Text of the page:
Sequel Youth and Family Services, a growing behavioral health provider, will go public in April after it is sold to a New York acquisition company for $423 million.
Global Partner Acquisition Corp. has been vetting companies to acquire and take public through the shell company it created after raising $155 million through an initial public offering 18 months ago.
In a phone interview, GPAC CEO Paul Zepf said they chose Sequel from among 60 companies because of its clinical programs, its track record for growth and the increasing demand for behavioral health services at a time of greater public awareness of mental health intervention.
Under the terms of the deal, Sequel common equity holders will receive $105 million in cash, newly issued Sequel common units exchangeable for 4.5 million shares of GPAC common stock and GPAC warrants to purchase 3.3 million shares of GPAC common stock.
Sequel preferred equity holders also will receive a cash distribution of $30 million and $62.2 million in newly issued Sequel preferred units.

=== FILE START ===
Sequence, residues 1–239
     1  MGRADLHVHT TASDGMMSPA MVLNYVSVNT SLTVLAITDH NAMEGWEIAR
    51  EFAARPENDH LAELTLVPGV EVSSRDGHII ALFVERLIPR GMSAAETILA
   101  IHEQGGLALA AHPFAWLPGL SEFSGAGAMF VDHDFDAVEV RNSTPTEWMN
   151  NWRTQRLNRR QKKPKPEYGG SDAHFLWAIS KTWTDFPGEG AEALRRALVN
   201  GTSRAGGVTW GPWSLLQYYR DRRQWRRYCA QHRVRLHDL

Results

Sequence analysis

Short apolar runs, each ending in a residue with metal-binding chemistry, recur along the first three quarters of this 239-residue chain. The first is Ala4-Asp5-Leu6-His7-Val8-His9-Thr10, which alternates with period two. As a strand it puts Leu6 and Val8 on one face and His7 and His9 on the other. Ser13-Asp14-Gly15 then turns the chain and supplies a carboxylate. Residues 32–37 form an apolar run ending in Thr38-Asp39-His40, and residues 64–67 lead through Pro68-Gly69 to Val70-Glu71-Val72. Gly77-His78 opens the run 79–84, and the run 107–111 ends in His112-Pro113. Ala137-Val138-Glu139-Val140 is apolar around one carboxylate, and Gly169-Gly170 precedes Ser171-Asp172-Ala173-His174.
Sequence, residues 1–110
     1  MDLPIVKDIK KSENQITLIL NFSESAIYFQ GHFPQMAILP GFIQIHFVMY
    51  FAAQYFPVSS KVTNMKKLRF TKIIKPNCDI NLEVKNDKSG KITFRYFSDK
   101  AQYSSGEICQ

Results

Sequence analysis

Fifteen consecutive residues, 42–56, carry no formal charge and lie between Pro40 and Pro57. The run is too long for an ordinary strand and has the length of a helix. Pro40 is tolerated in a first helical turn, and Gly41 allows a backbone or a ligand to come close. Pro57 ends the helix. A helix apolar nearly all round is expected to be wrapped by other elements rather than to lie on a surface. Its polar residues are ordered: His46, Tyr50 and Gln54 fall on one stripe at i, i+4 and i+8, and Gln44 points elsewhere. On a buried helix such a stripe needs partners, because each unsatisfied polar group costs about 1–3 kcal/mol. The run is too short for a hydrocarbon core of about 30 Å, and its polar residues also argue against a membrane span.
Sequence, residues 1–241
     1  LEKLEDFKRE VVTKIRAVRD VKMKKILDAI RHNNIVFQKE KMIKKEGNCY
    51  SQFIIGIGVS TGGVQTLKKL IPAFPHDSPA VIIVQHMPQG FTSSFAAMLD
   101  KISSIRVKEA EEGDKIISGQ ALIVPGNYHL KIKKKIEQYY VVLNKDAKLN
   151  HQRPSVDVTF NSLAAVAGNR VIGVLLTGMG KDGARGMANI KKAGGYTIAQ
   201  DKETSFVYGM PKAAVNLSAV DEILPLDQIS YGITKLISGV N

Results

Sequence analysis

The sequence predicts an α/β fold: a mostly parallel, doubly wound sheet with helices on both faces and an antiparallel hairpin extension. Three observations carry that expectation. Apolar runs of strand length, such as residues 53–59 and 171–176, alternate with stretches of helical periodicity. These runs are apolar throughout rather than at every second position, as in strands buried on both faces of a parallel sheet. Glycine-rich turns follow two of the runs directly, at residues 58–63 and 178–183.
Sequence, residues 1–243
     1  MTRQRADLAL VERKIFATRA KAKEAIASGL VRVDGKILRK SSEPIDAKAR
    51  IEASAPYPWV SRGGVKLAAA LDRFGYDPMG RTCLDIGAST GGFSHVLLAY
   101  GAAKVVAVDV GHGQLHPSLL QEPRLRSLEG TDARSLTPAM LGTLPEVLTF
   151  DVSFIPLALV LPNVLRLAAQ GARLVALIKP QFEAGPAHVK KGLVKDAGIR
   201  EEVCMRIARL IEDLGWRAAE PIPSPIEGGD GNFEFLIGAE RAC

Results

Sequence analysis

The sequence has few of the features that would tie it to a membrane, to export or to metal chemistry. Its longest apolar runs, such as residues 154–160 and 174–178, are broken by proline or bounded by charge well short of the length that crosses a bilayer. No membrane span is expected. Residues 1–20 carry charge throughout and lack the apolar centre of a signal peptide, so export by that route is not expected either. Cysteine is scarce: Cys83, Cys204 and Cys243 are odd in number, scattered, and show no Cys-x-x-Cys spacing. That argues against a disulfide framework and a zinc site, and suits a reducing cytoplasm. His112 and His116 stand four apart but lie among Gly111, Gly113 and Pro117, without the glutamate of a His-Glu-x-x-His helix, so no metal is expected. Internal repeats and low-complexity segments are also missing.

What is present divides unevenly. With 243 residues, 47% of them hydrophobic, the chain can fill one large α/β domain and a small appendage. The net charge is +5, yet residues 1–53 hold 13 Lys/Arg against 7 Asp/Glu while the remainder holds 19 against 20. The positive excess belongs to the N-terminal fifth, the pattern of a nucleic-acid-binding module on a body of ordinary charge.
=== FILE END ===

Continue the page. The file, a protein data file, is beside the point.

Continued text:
Huntsville, Ala.-based Sequel specializes in behavioral health for adolescents and young people, but has been growing its adult services segment, said CEO John Stupak. Sequel has 44 programs, including those for people with autism.
The company posted revenue of $208 million in fiscal 2016 ended June 30. But with three acquisitions after June, revenue in fiscal 2017 is expected to reach $254 million, he said.
Sequel's adjusted EBITDA also is expected to increase in 2017 to $39.7 million compared with $31.3 million in 2016.
Sequel's programs run the gamut from in-home services and outpatient to inpatient psychiatric care. The company operates in 19 states. But its 9,000 clients are drawn from 42 states because of out-of-state referrals coming from the more than 500 payers and providers across the country, said Jay Ripley, Sequel co-founder and board chairman.
Sequel has an active pipeline of acquisition targets, especially among behavioral health companies with annual revenue between $20 million and $100 million, Ripley said.
Those are a little smaller than the companies preferred by behavioral health giants such as Universal Health Services and Acadia Healthcare, he said.
Ripley said Sequel has been paying a multiple for acquisitions of about 5.5 times EBITDA. But Sequel has been able to quickly grow EBITDA of the acquired companies through its standard business practices and expanding their clinical programs, he said.